Longhouse At The Edge Of Labi: The Untold Story Of Teraja
Nestled at the very end of the asphalt of Jalan Labi lies a modest wooden longhouse dwarfed by a surrounding enclave of lush tropical forest.
Built on stilts reaching two metres tall, the longhouse appears sturdy but worn, with accents of mint green paint on its stair posts and handles that frame an exterior of yellow wooden panels and doors in blue.
Sitting with silent authority inside the ruai — a communal corridor that separates the longhouse entrance and its private living quarters — is Jamit Anak Lasah, the patriarch of the sole settlement in Teraja.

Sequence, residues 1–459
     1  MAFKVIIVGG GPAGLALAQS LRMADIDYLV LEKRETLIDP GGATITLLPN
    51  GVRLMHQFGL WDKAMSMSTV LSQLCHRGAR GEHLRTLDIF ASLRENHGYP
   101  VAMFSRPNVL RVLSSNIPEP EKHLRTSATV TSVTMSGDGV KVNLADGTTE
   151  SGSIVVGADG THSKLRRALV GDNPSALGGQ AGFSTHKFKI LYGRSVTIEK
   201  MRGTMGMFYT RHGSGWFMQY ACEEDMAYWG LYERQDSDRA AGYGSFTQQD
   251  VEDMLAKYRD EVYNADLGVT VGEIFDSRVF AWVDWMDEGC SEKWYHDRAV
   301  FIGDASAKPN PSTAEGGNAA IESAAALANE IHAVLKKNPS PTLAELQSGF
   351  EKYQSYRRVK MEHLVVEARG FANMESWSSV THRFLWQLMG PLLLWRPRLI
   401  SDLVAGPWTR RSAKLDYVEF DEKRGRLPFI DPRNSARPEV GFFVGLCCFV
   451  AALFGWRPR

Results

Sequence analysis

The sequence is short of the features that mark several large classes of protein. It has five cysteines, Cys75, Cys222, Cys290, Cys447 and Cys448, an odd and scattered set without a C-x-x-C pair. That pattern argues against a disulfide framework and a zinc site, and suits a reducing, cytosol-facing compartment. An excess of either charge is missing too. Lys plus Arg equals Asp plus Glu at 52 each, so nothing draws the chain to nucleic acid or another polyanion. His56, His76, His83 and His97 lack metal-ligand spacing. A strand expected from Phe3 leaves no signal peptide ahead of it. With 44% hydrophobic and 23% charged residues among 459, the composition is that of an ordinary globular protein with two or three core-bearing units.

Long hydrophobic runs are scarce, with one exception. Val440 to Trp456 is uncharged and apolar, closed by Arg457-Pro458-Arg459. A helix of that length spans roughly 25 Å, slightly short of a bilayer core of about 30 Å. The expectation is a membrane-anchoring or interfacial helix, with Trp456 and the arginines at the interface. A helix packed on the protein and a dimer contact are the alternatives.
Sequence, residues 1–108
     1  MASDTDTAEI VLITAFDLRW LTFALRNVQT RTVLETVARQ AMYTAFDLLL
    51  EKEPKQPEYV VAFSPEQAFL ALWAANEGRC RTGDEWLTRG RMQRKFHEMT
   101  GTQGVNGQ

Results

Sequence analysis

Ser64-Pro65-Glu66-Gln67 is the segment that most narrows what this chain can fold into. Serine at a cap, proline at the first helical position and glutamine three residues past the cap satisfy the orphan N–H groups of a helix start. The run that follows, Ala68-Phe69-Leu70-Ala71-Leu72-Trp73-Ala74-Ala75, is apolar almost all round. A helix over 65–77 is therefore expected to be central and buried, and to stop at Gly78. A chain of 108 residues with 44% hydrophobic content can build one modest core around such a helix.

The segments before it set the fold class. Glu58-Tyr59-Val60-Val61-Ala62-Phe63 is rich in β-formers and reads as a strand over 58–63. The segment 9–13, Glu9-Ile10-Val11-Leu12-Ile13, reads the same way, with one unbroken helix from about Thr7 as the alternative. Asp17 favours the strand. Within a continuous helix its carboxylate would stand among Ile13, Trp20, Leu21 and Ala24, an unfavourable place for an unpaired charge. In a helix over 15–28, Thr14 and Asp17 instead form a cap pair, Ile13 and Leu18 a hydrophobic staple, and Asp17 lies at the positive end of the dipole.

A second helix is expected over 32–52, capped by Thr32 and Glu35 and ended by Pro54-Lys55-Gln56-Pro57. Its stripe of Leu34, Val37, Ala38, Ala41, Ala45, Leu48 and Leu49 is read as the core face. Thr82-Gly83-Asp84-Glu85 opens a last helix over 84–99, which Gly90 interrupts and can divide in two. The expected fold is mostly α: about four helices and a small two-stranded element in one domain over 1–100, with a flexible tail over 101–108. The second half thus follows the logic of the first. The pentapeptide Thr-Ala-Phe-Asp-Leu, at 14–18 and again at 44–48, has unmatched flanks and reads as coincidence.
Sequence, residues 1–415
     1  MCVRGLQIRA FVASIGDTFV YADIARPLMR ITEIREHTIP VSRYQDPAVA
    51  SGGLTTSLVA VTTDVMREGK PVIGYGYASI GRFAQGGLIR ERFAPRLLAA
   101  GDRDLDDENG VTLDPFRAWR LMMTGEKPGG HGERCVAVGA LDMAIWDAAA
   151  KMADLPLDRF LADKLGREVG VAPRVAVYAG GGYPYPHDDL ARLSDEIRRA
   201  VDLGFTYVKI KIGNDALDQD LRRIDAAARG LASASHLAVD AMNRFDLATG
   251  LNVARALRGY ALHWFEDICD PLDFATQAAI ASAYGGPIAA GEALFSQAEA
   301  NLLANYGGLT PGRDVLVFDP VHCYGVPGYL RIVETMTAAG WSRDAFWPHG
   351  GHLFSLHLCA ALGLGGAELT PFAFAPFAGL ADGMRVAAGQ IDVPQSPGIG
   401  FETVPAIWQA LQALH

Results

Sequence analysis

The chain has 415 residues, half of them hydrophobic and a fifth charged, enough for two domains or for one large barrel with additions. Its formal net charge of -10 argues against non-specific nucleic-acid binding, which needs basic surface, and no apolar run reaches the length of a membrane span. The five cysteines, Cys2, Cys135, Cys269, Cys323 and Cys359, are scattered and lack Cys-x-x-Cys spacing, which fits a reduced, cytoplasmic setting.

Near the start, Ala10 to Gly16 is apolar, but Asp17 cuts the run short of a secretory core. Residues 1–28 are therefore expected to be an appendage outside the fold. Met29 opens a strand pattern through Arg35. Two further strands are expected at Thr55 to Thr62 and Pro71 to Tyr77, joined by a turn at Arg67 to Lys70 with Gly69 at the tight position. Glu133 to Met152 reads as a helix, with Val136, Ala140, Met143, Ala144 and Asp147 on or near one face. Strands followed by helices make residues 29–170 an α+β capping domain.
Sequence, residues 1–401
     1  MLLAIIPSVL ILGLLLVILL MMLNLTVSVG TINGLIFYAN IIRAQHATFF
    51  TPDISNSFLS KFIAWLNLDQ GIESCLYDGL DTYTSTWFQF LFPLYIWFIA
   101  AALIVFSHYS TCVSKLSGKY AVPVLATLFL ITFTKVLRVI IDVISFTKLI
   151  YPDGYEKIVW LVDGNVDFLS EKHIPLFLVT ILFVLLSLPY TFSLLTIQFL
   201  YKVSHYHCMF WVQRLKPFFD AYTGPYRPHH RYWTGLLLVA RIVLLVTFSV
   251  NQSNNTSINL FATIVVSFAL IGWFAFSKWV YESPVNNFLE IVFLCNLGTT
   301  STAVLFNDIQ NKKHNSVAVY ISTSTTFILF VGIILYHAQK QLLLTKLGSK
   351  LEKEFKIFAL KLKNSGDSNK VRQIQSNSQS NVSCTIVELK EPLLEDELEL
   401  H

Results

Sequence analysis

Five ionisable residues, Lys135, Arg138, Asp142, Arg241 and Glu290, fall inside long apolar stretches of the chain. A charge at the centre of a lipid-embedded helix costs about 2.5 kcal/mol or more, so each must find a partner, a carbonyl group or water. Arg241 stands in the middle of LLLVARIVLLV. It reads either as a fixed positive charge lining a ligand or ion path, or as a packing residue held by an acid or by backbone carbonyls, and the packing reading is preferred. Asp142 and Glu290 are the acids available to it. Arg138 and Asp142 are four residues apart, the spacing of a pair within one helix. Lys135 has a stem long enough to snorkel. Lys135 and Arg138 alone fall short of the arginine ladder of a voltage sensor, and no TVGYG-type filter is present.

He is short, stocky and still has full head of silver hair. His skin, leathered by the sun, wears all of his 78 years, but his posture holds firm we sit cross legged on the linoleum floor for an interview. “Our people built this house with our bare hands,” says Jamit proudly as he taps the floor. “There were no others that helped us build it.”
Despite researchers being drawn to its biodiversity, and thousands of tourists arriving to trek its many waterfalls and hills, Teraja still evades mainstream consciousness. Aside from trekking guides, online searches yield little about its history.
This is the untold story of Teraja — recounted by the descendants of its original inhabitants.